1. That’s a great feeling to have 🙂 Now that I think about it, I realize I also wouldn’t do things the same way now as compared to years before in my writing. I had a moment where I remembered that schooling changed the way I approached and thought about writing since then. I can understand that inclination–I think writers feel that there’s too many story ideas and so little time. It definitely must be strange for actors, especially if their career trajectory changed quite dramatically. Leslie Neilsen is one that comes to mind–a dramatic actor in his younger years but a comic, hilarious actor in his older years. It’s like watching a completely different person! I suppose the same happens when writers re-read their works–it feels like a different person’s voice. Thanks for your thoughts on this 🙂

  3. one of my favorite ideas is the idea of being prolific. Seth Godin, who is one of the most popular bloggers in the world, has authored 18 best selling books and has written a blog post every day for the last 18 years. he doesn’t believe in perfection though. he believes in the idea of “good enough.” I feel the same. once I write a post that is good enough, I post it. I don’t try to make it perfect with every line. eventually you get good at it, where every post is really good though. in the beginning “good enough” is just fine. like you said, if you try to make every post perfect, this can stifle you. action will always beat out trying to be perfect, just because trying to be perfect is really just procrastination and fear in disguise. great post:)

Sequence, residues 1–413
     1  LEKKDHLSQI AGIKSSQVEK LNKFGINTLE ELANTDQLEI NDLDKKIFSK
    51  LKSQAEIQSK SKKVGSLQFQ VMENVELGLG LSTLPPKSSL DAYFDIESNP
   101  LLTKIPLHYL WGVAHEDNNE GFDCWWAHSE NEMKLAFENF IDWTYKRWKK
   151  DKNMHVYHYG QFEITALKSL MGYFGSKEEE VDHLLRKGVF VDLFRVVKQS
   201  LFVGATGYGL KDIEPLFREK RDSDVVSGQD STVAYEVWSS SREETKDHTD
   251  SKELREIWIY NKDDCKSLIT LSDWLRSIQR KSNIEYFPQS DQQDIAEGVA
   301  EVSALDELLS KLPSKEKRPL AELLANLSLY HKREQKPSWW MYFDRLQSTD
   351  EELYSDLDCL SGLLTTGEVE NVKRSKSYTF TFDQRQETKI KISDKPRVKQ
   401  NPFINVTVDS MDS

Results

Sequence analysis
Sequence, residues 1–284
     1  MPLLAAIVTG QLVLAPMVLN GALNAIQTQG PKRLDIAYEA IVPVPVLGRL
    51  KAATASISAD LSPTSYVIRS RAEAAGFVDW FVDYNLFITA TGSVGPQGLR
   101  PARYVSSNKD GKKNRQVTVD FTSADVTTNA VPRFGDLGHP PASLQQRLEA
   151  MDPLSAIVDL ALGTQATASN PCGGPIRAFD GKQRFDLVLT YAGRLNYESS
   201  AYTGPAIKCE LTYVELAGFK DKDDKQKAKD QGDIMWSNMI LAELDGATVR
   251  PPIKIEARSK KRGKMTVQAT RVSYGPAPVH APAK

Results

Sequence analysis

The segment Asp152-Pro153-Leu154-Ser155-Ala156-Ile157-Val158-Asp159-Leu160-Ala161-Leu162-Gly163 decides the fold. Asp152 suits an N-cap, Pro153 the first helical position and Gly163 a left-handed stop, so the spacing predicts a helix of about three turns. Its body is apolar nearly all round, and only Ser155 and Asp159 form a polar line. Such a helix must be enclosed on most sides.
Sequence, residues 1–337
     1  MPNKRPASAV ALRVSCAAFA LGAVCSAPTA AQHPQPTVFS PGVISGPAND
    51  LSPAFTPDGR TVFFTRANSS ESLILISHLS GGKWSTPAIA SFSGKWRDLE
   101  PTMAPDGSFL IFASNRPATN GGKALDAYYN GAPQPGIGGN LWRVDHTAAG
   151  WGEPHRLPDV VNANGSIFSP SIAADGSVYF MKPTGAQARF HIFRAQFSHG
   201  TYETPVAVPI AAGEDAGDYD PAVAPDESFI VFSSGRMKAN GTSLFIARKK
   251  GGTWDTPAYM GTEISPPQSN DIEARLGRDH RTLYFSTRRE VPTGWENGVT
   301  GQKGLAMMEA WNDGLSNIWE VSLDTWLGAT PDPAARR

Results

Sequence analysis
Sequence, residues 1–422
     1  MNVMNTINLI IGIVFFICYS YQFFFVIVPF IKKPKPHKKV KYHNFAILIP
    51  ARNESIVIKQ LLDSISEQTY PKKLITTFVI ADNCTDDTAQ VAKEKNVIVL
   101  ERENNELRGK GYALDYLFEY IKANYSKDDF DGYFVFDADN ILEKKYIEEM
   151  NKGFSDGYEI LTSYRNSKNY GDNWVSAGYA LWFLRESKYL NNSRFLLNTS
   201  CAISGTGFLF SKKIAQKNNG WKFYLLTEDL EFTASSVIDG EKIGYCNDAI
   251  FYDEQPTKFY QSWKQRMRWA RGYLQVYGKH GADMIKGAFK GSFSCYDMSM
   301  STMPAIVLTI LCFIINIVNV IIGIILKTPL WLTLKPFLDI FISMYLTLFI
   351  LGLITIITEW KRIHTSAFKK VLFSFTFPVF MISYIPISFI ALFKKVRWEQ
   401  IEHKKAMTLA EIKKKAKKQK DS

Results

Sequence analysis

1. That’s a great way of looking at it! That’s true, I think practice doesn’t make things perfect but it can make things really good. Wow, I never thought about perfectionism as procrastination and fear in disguise but that’s really true! Thank you and thanks for sharing your thoughts on this 🙂 It’s made me think about perfectionism in a different way.

      1. Yea I just think the need to want everything to be perfect is just another excuse to not create more. Glad I could give you a new perspective:))

      2. You’re right, procrastination keeps us safe and in our comfort zones. This makes me think of an awesome quote by Gandhi: “You may never know what results come of your actions, but if you do nothing, there will be no results.”